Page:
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David Asper had saved the world ---at least by Talmudic standards For according to the rabbinical teachings, one who saves even a single life is considered as if he had saved an entire world. Although Asper couldn't save the life of murder and rape victim Gail Miller, he did save the life of the wrongly convicted man who had served 23 years in prison for a crime he didn't commit.


It is hard to believe that the sub-zero temperatures of Winnipeg, Canada could nurture and produce someone as warm, lovely and vivacious as Gail Asper. The middle child and only daughter of Babs and Izzy Asper is the complete opposite of what anyone might expect her to be. She is devoid of all pretense or snobbery and seems oblivious to the fact that she is the daughter of a billionaire.


The last thing Leon Asper wanted his youngest son Israel to become was a lawyer. Leon and his wife Cecilia were both classical musicians who had fled to Manitoba, Canada in the 1920s to escape the pogroms of their native Ukraine. They had witnessed during the Great Depression how people used to pay their lawyers with bags of potatoes.


If eyes were a window to the soul then one can't help but feel like a Peeping Tom when looking into Leonard Asper's inviting, intense clear blue eyes. His eyes are uniquely engaging, but they are also unyielding. They make it difficult to tell if you have reached his personal inner sanctum orhardly made it past the door.


They say that behind every great man there is a great woman. Indeed, behind Israel Asper, chairman of CanWest Global Communications Corp., there is a great woman. But what makes his wife greater than most Jewish wives is that she refuses to take credit for her husband's accomplishments.


Israel’s hippest and “hottest” former ambassador to the United States, Danny Ayalon, could easily adopt the chorus from Bon Jovi’s recent hit song “Who Says You Can’t Go Home?” as the anthem for his new mission: to revitalize immigration of Diaspora Jewry to the State of Israel.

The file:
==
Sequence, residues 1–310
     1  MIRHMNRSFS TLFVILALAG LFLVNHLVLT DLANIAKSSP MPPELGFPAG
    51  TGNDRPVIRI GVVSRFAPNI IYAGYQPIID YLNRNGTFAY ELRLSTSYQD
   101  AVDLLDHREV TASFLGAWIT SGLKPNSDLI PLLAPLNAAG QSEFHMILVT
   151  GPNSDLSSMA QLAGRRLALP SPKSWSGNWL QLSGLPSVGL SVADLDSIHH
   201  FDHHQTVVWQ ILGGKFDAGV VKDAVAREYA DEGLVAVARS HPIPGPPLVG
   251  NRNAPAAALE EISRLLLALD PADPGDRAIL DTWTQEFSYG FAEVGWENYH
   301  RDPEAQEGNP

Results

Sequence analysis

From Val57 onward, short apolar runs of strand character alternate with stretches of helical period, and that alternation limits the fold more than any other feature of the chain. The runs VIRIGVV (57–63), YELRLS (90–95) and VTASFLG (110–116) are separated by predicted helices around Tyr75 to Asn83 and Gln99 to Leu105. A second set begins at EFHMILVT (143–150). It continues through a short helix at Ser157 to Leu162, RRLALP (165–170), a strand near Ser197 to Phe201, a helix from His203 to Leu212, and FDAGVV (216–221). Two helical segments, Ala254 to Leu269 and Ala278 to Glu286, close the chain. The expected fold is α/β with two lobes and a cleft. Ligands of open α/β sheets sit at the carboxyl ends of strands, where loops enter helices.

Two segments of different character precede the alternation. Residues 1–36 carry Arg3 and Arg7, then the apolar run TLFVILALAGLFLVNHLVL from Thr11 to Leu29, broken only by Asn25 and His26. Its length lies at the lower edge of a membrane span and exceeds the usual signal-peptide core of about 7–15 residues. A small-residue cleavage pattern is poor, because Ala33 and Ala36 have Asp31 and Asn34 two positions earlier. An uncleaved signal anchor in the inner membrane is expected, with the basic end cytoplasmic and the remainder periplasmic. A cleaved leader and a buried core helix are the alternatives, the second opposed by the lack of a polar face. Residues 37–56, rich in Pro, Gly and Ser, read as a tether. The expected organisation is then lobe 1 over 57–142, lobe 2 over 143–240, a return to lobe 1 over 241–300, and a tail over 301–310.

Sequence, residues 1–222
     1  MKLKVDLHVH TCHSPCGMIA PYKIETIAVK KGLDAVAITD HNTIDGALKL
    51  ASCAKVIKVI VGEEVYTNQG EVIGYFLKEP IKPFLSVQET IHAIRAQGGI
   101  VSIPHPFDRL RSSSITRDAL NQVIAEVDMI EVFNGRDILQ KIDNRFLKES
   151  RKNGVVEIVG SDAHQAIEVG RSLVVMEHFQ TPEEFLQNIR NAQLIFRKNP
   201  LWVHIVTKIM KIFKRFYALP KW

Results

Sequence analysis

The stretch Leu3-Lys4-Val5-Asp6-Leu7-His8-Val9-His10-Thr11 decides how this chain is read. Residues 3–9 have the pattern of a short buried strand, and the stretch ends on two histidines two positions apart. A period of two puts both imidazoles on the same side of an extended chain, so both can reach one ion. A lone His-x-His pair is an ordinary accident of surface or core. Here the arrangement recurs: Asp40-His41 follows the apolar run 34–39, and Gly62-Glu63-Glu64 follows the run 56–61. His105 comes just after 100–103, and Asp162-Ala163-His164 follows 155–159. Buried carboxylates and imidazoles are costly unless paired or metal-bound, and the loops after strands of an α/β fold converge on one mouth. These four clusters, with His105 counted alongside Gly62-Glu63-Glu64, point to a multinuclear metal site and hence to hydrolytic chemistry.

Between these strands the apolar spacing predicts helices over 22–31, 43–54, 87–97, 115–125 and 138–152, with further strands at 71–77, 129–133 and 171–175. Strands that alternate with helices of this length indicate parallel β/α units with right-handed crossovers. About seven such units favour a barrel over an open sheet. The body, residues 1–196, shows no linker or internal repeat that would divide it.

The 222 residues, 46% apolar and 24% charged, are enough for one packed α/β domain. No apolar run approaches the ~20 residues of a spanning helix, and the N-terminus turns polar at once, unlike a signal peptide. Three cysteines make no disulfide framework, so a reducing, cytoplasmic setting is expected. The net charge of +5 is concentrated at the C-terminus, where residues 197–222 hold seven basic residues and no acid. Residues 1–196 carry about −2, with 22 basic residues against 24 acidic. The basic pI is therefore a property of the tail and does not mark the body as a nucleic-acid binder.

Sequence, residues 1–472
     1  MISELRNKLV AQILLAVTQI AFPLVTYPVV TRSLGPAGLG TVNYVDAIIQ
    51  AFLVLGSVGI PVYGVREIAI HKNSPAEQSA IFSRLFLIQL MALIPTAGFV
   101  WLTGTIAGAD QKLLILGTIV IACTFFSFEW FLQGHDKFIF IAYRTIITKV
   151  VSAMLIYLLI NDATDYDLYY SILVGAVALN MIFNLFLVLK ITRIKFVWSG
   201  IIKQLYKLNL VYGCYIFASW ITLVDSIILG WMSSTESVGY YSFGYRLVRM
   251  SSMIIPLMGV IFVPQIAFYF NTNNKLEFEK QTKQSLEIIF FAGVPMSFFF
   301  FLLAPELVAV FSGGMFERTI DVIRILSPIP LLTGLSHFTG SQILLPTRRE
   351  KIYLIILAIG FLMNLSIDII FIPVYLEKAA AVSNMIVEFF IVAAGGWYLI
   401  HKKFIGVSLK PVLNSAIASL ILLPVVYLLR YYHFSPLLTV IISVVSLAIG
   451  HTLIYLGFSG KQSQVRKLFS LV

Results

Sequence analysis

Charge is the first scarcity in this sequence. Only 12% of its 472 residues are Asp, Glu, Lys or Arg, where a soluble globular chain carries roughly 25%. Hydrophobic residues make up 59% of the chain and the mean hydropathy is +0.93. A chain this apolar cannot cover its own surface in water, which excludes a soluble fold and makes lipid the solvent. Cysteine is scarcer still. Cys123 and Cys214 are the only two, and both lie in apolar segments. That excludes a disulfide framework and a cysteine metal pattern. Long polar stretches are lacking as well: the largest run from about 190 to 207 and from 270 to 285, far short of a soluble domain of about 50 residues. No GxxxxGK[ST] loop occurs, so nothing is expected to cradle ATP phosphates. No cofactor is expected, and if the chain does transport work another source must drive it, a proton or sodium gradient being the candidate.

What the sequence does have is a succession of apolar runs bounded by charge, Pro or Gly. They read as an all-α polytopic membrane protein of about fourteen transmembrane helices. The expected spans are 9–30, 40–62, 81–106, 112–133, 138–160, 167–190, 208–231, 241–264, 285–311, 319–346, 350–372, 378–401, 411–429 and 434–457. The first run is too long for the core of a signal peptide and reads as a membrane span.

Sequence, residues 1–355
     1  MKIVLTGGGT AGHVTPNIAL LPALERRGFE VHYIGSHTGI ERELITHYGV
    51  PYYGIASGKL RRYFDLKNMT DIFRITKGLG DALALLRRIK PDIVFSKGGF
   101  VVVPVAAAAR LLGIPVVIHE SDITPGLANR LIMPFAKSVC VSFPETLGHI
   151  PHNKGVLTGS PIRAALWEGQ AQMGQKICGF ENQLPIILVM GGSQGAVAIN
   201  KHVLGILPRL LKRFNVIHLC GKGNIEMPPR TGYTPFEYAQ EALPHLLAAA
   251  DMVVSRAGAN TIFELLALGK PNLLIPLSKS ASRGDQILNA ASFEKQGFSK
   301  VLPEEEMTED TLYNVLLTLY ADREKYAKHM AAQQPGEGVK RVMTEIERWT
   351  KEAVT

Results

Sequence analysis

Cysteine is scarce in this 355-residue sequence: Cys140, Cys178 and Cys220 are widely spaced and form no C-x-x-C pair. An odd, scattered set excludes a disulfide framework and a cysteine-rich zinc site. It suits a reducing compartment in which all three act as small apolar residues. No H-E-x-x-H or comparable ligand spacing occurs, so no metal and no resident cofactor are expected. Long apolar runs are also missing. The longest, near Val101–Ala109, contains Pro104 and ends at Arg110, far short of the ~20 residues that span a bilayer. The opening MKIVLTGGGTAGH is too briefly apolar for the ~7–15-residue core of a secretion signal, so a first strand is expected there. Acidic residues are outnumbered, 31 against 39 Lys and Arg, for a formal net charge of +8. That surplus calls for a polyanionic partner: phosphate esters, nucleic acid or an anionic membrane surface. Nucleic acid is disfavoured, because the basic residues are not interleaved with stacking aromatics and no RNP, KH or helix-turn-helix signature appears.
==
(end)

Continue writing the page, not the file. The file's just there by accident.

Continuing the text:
Michael Bar-Zohar is an Israeli historian, novelist and politician.



Perhaps the blue and white pushke (charity box) Kenneth Bialkin remembers seeing in his grandparents’ house has had more influence over him than he might have imagined. Through a slit that measured as narrow as the hope of Europe’s Jews during WWII, dimes and dollars, prayers and dreams were pushed into that tin box.


History can provide mankind with many great answers, but it is truly the great questions that can direct the course of history. Wolf Blitzer asked one such question over two decades ago and redirected not only his own career, but also the course that peace would take between Arabs and Jews in the Middle East.


Cupid’s bow has pierced the core of the city. Storefront windows abound with heart- shaped mobiles and chocolates packaged in red velvet boxes. Long-stemmed roses overfill the buckets lining the street corner markets. Flower delivery men scurry across town, their faces hidden behind big bouquets.


His soft, kind eyes are as luring as a sky blue pool on a steamy, summer day. You want to jump in—you want to luxuriate in the kindness they extend. But the warning sign soon becomes apparent: "Private property, no trespassers allowed.” If eyes are supposed to be the windows to the soul, Michael Bolton has drawn the shutters.


Most politicians, with self-puffery, are prone to broadcasting all the great causes that they live for; some declare with bravado, like George W. Bush, what they are ready to kill for. But few care to share, as does senatorial candidate Cory Booker, what they are ready to die for.